22 March 2018

March 22, 2018

Ariel Cascio and Eric Racine have recently published a paper on the model of person-oriented research ethics more broadly, which is the background for this project about person-oriented research ethics and autism. You can read the article here. If you cannot access the article, you can read the “accepted manuscript” version for free here.

 

TITLE: Person-Oriented Research Ethics: Integrating Relational and Everyday Ethics in Research

AUTHORS: M. Ariel Cascio, Ph.D. & Eric Racine, Ph.D.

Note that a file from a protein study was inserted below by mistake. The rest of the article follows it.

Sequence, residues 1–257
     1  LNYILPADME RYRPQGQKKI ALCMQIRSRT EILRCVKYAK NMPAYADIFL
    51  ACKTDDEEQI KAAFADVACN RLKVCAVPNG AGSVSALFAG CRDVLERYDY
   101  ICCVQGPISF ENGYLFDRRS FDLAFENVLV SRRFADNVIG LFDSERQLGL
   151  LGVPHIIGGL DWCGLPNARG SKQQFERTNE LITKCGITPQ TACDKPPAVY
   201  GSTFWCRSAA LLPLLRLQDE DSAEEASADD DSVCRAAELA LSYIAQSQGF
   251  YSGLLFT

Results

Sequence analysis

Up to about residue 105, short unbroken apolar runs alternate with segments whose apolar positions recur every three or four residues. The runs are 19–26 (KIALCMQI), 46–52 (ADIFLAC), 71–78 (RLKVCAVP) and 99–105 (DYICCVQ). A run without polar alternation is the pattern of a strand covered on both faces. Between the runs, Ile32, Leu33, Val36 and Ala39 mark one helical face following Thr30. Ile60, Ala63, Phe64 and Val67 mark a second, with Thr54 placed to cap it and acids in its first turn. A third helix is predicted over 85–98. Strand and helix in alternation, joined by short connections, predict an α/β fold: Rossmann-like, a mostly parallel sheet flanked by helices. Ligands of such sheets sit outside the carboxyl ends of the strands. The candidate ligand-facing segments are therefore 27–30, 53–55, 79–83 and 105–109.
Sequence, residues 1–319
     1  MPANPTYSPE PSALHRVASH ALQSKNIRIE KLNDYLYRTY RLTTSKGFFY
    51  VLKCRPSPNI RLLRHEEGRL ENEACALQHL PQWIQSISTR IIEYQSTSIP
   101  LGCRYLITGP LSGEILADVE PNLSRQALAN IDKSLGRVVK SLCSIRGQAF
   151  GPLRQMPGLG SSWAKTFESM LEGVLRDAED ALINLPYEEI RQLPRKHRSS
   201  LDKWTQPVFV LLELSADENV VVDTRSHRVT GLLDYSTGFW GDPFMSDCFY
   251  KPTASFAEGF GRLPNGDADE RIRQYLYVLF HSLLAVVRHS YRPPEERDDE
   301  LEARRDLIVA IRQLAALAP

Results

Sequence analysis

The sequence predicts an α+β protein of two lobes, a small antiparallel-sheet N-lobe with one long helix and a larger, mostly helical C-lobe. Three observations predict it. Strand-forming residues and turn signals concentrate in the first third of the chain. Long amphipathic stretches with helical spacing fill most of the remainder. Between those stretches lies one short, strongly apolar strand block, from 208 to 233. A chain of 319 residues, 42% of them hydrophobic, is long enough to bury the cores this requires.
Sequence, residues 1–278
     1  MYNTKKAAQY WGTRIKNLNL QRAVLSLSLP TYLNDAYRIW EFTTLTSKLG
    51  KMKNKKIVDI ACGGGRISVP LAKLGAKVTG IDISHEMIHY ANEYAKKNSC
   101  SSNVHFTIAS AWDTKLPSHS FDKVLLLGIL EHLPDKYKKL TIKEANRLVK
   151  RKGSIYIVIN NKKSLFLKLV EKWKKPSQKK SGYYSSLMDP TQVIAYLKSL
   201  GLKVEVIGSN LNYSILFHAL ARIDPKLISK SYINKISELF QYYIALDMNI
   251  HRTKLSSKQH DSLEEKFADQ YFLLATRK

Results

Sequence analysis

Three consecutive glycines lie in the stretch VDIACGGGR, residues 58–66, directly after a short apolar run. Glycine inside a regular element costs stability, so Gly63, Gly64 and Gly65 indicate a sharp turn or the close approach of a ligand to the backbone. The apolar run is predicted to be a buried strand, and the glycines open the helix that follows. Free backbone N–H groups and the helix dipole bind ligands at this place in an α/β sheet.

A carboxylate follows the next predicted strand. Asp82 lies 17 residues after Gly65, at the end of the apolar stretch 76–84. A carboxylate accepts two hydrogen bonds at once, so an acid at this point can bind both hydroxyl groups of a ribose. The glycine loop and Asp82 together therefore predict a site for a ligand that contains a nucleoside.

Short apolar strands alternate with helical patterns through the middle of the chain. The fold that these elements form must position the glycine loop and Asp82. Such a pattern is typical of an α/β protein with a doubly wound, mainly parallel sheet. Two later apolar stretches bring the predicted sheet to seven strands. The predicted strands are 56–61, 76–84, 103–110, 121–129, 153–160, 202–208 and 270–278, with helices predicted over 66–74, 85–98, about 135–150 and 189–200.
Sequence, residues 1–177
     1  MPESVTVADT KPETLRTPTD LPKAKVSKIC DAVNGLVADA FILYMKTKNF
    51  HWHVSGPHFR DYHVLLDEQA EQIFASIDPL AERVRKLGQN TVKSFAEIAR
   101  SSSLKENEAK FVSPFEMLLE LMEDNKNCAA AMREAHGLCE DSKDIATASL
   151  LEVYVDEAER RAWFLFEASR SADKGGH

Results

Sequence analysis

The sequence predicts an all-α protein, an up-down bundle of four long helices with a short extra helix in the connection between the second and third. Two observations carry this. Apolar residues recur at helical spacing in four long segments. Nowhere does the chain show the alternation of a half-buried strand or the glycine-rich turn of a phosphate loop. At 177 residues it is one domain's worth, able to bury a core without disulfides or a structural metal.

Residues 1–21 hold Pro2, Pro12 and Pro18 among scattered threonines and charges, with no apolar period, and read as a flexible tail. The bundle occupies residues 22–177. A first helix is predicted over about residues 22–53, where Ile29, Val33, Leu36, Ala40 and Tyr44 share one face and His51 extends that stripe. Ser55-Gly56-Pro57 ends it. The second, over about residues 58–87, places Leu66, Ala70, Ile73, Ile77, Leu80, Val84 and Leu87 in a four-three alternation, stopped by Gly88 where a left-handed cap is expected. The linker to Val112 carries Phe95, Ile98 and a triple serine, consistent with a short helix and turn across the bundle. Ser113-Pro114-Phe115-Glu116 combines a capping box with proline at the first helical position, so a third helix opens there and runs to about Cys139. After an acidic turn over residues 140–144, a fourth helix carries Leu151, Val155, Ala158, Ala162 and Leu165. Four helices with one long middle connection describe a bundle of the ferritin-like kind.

ABSTRACT: Person-Oriented Research Ethics: Integrating Relational and Everyday Ethics in Research M. Ariel Cascio, Ph.D.a, b & Eric Racine, Ph.D.a, b, c, daNeuroethics Research Unit, Institut de recherches cliniques de Montréal (IRCM), Montréal, Québec, Canada ; bNeurology and Neurosurgery, McGill University, Montréal, Québec, Canada; cDivision of Experimental Medicine (Biomedical Ethics Unit), McGill University, Montréal, Québec, Canada; dDepartment of Medicine and Department of Social and Preventative Medicine, Université de Montréal, Montréal, Québec, Canada Abstract: Research ethics is often understood by researchers primarily through the regulatory framework reflected in the research ethics review process. This regulatory understanding does not encompass the range of ethical considerations in research, notably those associated with the relational and everyday aspects of human subject research. In order to support researchers in their effort to adopt a broader lens, this paper presents a “person-oriented research ethics” approach. Five practical guideposts of person-oriented research ethics are identified: (1) respect for holistic personhood; (2) acknowledgement of lived world; (3) individualization; (4) focus on researcher-participant relationships; and (5) empowerment in decision-making. These guideposts are defined and illustrated with respect to different aspects of the research process (e.g., research design; recruitment, data collection). The person-oriented research ethics approach provides a toolkit to individual researchers, research groups, and research institutions in both biomedical and social science research wishing to expand their commitment to ethics in research. Keywords: Research Ethics; Human Subjects Ethics; Informed Consent; Justice in Research; Public Trust; Vulnerable Populations: Research ethics is often understood by researchers primarily through the regulatory framework reflected in the research ethics review process. This regulatory understanding does not encompass the range of ethical considerations in research, notably those associated with the relational and everyday aspects of human subject research. In order to support researchers in their effort to adopt a broader lens, this paper presents a “person-oriented research ethics” approach. Five practical guideposts of person-oriented research ethics are identified: (1) respect for holistic personhood; (2) acknowledgement of lived world; (3) individualization; (4) focus on researcher-participant relationships; and (5) empowerment in decision-making. These guideposts are defined and illustrated with respect to different aspects of the research process (e.g., research design; recruitment, data collection). The person-oriented research ethics approach provides a toolkit to individual researchers, research groups, and research institutions in both biomedical and social science research wishing to expand their commitment to ethics in research.

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